JAMA, published by the American Medical Association, announced on November 21, 2016, the results of its most recent study which indicate dementia prevalence declined significantly, from 11.6% in 2000 to 8.8% in 2012. The national study of more than 21,000 diverse senior citizens can be found here. JAMA’s findings are significant, if not somewhat surprising since scientists continue to report that obesity, diabetes, and other diseases thought to increase the risk of dementia are all on the rise.
An estimated 4 to 5 million seniors in the U.S. live with dementia, a broad term that describes a decline in memory and cognitive function. Those with a dementia diagnosis are also at increased risk for Alzheimer’s disease, Parkinson’s disease and dementia with Lewy bodies. Experts aren’t sure what causes dementia, but scientists have found that cardiovascular disease, diabetes, and obesity all raise a person’s risk of cognitive decline.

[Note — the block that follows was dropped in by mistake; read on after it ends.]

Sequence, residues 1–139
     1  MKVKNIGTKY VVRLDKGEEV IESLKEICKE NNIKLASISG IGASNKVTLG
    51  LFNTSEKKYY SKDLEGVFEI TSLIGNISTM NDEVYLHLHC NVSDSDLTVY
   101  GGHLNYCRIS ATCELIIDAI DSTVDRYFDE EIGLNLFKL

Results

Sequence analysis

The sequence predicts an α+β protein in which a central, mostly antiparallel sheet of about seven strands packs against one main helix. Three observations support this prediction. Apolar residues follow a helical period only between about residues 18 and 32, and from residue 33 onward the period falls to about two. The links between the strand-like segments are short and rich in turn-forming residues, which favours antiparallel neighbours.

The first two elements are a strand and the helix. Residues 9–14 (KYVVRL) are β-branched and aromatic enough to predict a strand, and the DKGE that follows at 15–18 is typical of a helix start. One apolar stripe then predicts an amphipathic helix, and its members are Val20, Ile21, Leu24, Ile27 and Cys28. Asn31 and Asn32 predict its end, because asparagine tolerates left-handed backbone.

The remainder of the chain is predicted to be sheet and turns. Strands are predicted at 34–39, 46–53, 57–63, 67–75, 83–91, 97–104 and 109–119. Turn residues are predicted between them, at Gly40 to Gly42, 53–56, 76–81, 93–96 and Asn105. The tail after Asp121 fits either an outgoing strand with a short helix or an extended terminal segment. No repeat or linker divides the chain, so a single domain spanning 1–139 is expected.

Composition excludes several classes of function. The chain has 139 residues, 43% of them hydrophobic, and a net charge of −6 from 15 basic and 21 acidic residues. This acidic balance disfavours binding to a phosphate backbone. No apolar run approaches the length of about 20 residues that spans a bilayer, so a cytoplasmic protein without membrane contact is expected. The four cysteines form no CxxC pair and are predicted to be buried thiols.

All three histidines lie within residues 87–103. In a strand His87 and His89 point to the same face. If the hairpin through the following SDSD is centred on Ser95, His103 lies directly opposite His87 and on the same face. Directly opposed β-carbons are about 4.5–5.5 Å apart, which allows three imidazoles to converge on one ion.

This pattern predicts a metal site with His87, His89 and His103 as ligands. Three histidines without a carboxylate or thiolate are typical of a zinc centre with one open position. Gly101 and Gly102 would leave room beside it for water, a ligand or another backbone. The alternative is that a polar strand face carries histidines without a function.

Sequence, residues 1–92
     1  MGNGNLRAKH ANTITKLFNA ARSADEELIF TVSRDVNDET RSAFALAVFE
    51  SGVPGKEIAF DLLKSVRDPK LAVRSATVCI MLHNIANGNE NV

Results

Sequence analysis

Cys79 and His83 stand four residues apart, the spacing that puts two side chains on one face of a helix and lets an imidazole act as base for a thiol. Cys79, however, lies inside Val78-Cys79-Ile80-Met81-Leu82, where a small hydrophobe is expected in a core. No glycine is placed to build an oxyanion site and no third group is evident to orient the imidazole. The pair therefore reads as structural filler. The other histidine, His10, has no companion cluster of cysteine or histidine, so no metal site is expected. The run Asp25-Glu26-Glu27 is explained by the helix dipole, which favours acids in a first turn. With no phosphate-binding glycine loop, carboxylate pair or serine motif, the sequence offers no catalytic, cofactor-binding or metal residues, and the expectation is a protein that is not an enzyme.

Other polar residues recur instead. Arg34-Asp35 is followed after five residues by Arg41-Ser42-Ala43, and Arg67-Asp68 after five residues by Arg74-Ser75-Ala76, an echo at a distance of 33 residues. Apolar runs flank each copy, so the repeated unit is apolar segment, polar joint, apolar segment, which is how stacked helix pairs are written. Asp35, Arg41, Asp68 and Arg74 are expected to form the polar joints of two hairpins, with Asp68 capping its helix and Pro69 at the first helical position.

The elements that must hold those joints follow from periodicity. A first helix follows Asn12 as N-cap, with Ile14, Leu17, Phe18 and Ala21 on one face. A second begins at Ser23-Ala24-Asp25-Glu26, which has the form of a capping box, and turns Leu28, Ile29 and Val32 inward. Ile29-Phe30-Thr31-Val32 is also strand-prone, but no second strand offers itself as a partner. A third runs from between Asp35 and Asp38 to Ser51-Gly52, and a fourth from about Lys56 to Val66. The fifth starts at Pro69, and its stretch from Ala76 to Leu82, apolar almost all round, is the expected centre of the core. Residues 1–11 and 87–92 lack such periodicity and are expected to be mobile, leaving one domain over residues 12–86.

The JAMA study is the largest to date finding that dementia rates are decreasing, but it isn’t the first. There have been several smaller studies, with less diverse groups, which have also indicated that dementia is on the decline.But are such findings a fluke or will the rate of dementia continue to decline? Time will only tell. In the meantime, while current studies show dementia trends moving in a positive direction, clearly more research needs to be conducted to understand why dementia develops in some people and how we can avoid it.